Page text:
said Vallée at a recent Techopia roundtable. Others believed the RFP process itself was flawed and would only spur a “race to the bottom” of which city could offer the company the best tax breaks and other economic incentives. ‘DOUBLE-EDGED SWORD’ But You.i TV CEO and co-founder Jason Flick said he would have welcomed Amazon’s presence despite the disruptions it might have caused. The tech entrepreneur said a company with Amazon’s clout could have sparked improvements such as more international flights at Ottawa’s airport. “There would be a double-edged sword for sure,” he said in media reports. “The fight for talent would go higher. The U.S. dollar is stronger to pay more. Building space would be at a premium. But I was definitely looking forward to it.” Amazon says it will now work closely with each of the 20 finalists to determine which city is the ideal host for its second headquarters. Construction on HQ2 is slated to begin in 2019. – With files from Craig Lord


HQ2 FEVER Amazon’s request for proposals was steep, including space for a 500,000-square-foot campus, proximity to an international airport and a population of at least one million – a requirement that meant Ottawa needed to team up with its neighbour across the river to qualify. The potential reward was significant, though: Amazon pegged its investment in HQ2 at $5 billion, and touted billions more in economic benefit for the successful applicant. In total, 238 cities applied for the chance to host the e-commerce giant. Ottawa’s economic development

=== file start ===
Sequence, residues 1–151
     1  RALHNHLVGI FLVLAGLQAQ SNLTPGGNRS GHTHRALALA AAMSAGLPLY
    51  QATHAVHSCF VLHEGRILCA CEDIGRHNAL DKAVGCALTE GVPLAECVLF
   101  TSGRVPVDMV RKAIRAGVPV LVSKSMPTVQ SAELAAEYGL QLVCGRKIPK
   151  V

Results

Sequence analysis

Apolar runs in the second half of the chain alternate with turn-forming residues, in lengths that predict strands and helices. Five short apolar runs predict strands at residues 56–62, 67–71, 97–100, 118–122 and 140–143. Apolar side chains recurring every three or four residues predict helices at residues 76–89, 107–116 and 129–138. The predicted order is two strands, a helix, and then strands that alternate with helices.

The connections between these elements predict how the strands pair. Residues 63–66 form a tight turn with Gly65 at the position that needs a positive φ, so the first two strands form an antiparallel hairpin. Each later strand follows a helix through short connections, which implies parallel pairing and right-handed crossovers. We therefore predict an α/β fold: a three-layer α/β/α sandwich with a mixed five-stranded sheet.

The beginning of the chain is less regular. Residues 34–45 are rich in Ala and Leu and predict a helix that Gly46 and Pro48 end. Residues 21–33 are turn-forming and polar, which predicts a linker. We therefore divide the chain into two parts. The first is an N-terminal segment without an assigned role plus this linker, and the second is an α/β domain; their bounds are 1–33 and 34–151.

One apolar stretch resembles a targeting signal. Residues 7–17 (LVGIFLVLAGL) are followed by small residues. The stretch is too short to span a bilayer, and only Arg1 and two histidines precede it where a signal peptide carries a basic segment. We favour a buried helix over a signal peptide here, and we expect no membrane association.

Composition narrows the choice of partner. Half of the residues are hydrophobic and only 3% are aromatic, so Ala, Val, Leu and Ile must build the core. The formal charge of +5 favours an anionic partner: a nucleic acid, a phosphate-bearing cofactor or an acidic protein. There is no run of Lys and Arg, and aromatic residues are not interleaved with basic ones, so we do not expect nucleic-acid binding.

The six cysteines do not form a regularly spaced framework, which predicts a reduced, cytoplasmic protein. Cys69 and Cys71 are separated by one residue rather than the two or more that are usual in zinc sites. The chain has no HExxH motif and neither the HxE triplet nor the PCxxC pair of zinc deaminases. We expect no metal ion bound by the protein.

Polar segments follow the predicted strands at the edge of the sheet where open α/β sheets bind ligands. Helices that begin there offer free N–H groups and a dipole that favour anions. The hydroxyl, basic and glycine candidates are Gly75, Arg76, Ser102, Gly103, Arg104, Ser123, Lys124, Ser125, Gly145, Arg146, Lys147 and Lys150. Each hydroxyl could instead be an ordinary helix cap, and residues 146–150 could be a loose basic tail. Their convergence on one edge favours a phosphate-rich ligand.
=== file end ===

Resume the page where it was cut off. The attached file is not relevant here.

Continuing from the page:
officials leaned on the region’s liveability and burgeoning technology scene, replete with post-secondary institutions for talent and R&D, an impending LRT line and an affordable housing market. Speaking to OBJ in September, Patacairk contrasted the capital to cities such as Toronto and Vancouver, where he suggested traffic congestion and real estate prices would deter Amazon from the allure of their sizeable tech sectors. When the joint Ottawa-Gatineau bid book was finally shipped to Seattle in October, the two mayors and Invest Ottawa were mum on what was inside. Shortly after, though, a website and video popped up pitching LeBreton Flats as a site worthy of Amazon’s mark. The video also highlighted the nearby nature of Gatineau Park and the cities’ cultural offerings as perks for incoming Amazonians. The bid to attract Amazon HQ2 garnered criticism from some – Pythian CEO Paul Vallée, for example – who felt the e-commerce giant’s presence would hurt the city’s existing tech scene by siphoning talent away from smaller companies and driving up real estate costs. “It would break my heart to go through millions and millions of dollars of inducements and tax credits in order to attract a giant into the city that would end up breaking the backs of all of the entrepreneurs here, hundreds of them that are trying to establish themselves,”